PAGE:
Life Science

CO2 sensors for humans, animals and plants


Life Science

Definition of Life Science: "A branch of science (such as biology, medicine, and sometimes anthropology or sociology) that deals with living organisms and life processes". 

Our purpose is to make sense of what you measure by providing the best measurement solutions, service and intelligence. In this area, you most probably do not want to gamble on whether the sensors are accurate or not. We make sensors for life. 

Life Science is a market where the demand for a controlled environment is growing. There is a demand for a controlled environment in chicken hatcheries and greenhouses as well as for fruit and vegetables in transportation. In the medical world, you can find CO2 meters in anaesthetic equipment, but we also see a demand for in-patient related safety equipment.

Another area is health and fitness, where you can use CO2 as an indicator of metabolism and/or to optimise your exercise cycle.

Pär Nordin

Pär Nordin

Executive Sales Director

+46 653-71 77 83


Learn More About Life Science

Agricultural applications

Photosynthesis is a chemical process that uses light energy to convert CO2 and water to sugars in plants. Sugar is the building material for fruits and vegetables. A greenhouse without ventilation can drop the levels of CO2 to less than 340 ppm, which is contra-productive for plant growth. If the level of CO2 is raised, it will help the production rise.

To control the greenhouse environment, you need to monitor the CO2 level and control ventilation or generate CO2. Our sensors are used in a link where data is used in an automation system. When CO2 is generated, the safety of humans becomes an issue and at some levels, vegetables or crop can be damaged.  

Sensor challenges

The greenhouse environment is a good benchmark for sensor quality since humidity and heat can reach extreme levels. Even though we offer coating of the electronics, there are clients that find our sensors reliable without it.

The ABC-algorithm

Since a greenhouse will not provide a “normal” level (400 ppm) for calibration we recommend manual calibration once a year.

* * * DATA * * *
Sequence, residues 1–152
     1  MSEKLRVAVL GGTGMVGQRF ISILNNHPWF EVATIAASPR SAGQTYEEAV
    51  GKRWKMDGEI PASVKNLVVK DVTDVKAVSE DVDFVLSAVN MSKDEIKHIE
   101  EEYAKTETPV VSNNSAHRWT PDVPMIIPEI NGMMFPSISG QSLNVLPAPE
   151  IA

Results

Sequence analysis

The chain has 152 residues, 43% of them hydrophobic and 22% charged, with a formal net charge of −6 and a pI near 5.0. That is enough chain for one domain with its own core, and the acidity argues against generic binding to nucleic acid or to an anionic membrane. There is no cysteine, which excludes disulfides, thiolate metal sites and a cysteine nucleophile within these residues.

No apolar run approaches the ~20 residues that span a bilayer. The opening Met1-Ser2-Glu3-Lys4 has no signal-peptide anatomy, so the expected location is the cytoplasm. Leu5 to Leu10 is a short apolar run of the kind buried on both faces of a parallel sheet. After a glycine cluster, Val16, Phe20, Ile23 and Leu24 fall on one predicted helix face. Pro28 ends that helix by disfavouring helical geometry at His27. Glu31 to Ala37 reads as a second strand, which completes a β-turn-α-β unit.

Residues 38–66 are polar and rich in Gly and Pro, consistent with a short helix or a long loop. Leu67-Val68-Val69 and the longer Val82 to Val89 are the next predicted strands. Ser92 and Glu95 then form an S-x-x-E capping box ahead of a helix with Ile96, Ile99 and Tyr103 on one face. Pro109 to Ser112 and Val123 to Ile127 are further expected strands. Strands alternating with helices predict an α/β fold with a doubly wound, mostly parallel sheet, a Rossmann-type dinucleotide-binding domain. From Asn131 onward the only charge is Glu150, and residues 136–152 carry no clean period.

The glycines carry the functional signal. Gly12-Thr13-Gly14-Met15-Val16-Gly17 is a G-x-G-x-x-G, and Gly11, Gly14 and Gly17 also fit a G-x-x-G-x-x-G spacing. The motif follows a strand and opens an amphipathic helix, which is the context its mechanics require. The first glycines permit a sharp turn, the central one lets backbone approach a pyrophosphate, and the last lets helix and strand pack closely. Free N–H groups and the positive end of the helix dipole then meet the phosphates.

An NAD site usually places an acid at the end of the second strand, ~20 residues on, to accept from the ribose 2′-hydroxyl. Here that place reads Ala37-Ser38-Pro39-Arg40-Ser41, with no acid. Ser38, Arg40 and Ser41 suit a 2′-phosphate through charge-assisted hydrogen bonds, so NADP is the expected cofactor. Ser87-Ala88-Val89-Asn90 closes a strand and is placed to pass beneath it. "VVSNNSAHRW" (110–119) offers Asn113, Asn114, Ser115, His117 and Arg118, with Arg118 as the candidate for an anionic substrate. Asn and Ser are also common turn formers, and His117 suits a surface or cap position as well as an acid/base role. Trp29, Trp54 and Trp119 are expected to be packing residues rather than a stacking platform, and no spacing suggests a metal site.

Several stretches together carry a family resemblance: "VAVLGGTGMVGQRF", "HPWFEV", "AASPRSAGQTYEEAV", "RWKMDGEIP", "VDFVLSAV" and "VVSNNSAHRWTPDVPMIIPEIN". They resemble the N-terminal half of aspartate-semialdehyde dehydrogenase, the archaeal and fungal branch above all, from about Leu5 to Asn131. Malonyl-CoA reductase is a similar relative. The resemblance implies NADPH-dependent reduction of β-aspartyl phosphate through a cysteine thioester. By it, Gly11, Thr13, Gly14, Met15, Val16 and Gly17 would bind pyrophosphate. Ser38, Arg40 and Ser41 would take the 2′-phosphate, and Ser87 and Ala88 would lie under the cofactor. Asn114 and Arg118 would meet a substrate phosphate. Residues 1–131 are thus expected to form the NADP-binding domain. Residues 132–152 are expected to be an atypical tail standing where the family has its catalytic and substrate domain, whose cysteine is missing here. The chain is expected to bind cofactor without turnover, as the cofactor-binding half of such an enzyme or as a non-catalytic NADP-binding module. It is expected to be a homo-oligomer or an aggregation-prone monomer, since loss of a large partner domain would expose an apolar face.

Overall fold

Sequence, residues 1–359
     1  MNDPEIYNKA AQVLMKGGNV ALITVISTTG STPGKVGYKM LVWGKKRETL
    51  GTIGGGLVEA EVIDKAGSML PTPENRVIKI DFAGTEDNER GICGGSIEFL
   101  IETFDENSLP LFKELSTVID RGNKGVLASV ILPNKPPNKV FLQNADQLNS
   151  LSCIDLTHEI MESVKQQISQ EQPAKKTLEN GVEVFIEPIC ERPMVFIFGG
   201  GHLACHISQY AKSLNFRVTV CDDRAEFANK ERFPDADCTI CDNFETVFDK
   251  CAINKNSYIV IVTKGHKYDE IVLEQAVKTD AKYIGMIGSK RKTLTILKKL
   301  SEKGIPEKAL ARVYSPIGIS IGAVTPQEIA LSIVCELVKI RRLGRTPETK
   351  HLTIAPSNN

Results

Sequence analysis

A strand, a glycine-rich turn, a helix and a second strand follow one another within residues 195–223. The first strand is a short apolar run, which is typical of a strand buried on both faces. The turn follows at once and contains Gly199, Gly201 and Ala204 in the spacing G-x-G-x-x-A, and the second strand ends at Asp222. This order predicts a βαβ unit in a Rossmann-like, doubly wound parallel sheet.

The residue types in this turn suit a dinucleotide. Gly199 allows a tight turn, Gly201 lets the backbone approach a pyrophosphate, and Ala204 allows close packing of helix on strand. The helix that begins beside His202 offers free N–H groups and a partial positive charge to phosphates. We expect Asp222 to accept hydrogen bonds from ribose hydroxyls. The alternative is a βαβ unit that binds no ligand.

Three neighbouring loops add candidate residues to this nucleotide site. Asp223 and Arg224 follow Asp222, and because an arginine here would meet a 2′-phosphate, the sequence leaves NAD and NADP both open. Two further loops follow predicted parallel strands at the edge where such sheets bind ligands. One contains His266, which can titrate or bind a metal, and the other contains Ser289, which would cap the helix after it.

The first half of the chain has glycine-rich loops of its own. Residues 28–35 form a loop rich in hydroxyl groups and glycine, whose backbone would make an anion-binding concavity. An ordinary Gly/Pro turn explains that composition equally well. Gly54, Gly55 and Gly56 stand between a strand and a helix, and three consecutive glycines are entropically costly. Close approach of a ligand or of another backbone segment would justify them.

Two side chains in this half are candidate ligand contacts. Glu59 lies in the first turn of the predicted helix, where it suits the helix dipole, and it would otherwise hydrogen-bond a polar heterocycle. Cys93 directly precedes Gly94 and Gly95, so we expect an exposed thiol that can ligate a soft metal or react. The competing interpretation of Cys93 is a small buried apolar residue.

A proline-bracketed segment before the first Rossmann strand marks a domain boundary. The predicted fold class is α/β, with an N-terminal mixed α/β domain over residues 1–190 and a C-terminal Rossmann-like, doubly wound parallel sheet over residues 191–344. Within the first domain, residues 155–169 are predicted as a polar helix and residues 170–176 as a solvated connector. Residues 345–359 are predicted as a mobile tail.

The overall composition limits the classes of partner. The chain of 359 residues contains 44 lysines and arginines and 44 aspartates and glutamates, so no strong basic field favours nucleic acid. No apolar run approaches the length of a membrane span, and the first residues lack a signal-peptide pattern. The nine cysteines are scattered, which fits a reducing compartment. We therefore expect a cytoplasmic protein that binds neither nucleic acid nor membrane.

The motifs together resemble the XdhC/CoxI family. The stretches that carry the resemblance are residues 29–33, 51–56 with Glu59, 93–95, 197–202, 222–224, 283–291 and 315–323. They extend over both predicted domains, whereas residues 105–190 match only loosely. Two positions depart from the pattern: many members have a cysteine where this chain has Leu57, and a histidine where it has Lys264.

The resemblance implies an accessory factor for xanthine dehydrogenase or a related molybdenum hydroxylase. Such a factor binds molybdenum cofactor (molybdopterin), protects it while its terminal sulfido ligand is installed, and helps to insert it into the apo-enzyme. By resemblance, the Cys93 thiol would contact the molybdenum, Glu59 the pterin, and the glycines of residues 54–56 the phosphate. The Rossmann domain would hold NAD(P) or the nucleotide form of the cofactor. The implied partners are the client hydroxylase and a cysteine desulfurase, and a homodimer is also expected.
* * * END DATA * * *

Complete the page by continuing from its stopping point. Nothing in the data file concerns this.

Hatchery Control

You will find our sensors in diverse missions: everything from controlling egg hatching to monitoring CO2 in slaughterhouses.

During incubation, the chicken embryo, as any living organism, needs oxygen and produces carbon dioxide, metabolic water and metabolic heat. There are scientific studies that show different results in increased and decreased hatchability due to CO2 concentrations. Successful hatch management uses CO2 sensors to control the incubation and the hatching time. 

Sensor challenge

Hatcheries are the worst environment for electronics in general, and sensors in particular. The reasons are humidity, temperature, and the particles generated by the chickens when they hatch (we call it the "fluff factor"). In addition, hatcheries are thoroughly cleaned with high-pressure spray between incubations.

Our sensor S9 is specially made to suit extremely demanding environments. The membrane that protects the sensor can be compared to GoreTex®, to let air in but keep water out. There is a special cover to be used when cleaning, and the sensor is installed with a bayonet for easy replacement. Other membranes could be applied corresponding to other media, like oil, dust, etc.


There are several gases to be detected for safety reasons, but CO2 reveals a lot. The anesthesiologist monitors the respiration (CO2) of the patient, and that information reveals the exact stage of anaesthesia.

In a care situation, the same monitoring (capnography) is done to the patient’s exhalation to learn how a treatment is working, or if there are other factors that do not respond well to change in the CO2 level.

There are several applications related to sensors within the Life science segment (e.g. incubators, carbon patients, alarms) in situations where CO2 is used: